ART & SCIENCE
“Necks are totally under-appreciated. When you look at a guitar, you tend to look at the body and the pickups and the controls, Those are the eye-catching bits. But all the labour and effort is really in the neck – if you don’t get that right, it’s not a musical instrument. It’s, at best, a bit of art.
“On the second guitar, I did the fretwork, which I shouldn’t have done, because that made the project run over way more than it should have done. I broke my own rule and made too big a jump. I bought a neck without frets, and I ended up having to do the frets three times before I got it right.
“Guitars three and four were built together, and I’m about to replace the neck on guitar three. It was an OK first effort, but I’m a slightly better guitarist than I was two years ago, and it now annoys me.
“A guitar has to speak to you in many ways. We are emotional beings, and our relationship with our instruments is partly based on how we feel when we look at them. I care about getting the details right so that the person who gets it has that sense of pride. I want them to go on stage. What makes me happiest is when people are on stage playing a guitar that I built. That’s the most awesome thing in the world. I went to one of my brother’s gigs, and he was there on the stage playing a guitar that I’d made. In some small way I was responsible for the audience having a good night. That’s an amazing sensation – nerve-racking as well, because if the guitar breaks, it’s all my fault.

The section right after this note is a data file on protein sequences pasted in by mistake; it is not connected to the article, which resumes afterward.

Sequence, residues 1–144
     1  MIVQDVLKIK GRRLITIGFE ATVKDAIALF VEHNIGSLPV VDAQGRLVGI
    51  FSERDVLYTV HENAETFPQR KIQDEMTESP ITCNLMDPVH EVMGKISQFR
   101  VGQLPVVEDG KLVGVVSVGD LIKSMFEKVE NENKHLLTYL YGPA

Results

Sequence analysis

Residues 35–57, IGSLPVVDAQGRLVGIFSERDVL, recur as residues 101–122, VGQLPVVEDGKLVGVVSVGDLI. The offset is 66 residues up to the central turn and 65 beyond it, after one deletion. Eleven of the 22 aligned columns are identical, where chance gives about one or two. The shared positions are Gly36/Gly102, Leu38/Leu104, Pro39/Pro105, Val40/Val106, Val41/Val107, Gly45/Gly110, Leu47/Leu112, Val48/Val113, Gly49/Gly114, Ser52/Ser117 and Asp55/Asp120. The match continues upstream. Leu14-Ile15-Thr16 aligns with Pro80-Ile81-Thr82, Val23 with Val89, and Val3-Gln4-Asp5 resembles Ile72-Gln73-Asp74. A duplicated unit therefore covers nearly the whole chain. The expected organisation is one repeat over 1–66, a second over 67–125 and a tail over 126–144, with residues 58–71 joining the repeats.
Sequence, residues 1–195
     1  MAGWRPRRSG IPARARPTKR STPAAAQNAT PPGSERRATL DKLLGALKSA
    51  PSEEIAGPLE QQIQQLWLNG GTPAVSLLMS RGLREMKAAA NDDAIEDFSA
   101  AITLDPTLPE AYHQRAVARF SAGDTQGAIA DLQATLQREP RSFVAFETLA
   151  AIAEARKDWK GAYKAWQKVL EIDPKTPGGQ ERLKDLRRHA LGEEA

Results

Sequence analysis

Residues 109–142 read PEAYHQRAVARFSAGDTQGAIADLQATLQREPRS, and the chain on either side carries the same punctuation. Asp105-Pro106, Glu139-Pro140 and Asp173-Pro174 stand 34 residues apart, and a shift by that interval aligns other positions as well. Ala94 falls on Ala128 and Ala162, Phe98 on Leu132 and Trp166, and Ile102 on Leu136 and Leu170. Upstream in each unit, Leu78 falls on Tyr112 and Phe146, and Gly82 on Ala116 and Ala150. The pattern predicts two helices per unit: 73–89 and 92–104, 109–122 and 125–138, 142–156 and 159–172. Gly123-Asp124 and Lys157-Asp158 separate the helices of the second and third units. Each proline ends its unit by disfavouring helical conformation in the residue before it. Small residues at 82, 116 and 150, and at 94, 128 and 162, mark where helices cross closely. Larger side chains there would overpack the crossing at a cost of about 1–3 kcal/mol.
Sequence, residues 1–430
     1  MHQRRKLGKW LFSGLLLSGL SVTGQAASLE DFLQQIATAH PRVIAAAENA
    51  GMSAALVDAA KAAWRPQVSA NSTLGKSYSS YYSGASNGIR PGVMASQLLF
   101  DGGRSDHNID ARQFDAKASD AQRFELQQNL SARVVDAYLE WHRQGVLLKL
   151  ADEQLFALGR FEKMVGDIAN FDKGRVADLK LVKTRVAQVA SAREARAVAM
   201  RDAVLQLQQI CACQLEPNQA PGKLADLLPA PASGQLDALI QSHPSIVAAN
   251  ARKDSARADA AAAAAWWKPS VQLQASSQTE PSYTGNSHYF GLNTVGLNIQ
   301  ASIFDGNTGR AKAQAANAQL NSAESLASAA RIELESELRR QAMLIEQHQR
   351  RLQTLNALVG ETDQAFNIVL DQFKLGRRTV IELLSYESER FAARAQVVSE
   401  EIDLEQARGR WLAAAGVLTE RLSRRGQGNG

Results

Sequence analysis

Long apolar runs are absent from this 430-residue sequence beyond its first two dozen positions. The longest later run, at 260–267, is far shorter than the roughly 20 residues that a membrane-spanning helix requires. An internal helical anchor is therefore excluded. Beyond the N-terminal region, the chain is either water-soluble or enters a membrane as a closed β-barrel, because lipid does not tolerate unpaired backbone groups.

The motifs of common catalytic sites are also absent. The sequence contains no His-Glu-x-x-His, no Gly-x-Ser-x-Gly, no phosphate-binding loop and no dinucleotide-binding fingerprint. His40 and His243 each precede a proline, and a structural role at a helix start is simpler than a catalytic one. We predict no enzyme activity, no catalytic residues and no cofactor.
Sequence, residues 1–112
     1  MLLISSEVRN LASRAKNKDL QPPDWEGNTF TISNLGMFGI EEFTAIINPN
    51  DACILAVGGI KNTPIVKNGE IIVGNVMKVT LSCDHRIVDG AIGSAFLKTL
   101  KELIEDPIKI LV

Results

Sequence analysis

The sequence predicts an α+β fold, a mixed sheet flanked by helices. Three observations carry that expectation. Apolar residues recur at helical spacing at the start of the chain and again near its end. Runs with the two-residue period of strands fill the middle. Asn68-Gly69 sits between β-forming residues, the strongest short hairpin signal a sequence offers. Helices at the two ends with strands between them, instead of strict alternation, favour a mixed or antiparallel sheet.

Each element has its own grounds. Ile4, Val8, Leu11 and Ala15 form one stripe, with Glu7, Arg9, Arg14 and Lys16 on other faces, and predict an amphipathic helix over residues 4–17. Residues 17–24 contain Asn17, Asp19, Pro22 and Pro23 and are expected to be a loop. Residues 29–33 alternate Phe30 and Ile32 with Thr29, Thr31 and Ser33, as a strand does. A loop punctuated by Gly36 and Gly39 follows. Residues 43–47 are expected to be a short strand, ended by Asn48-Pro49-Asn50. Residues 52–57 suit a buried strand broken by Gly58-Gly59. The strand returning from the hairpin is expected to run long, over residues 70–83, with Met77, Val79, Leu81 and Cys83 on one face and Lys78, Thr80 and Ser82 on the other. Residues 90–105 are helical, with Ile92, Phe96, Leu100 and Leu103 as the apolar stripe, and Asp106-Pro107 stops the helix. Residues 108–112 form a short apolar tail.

THE QUEST CONTINUES
“Ultimately I’d love to do archtops. I think those jazz-style guitars are amazing. But it’s just a journey. I started with a Fender Telecaster, because it’s the simplest, dumbest guitar. It’s the original solid-body guitar, right? It’s a great starting place for someone who’s got no experience.
“I’d always had a Telecaster so I knew what it should feel like. And on each one, I try to do a bit more. The builds I’ve got going at the moment, one of them is the first one where the body design is my own. And it’s got some features from a Les Paul – it’s got the electronics cavities in the rear. That, to me, is a very sensible design decision. Whereas the fact that you have to take the strings off to do anything with the electronics on a Fender design just strikes me as insane.
“What I want to get to is making guitars that people like, in the shapes that they like, and I bring along the engineering elements that make them a good instrument.”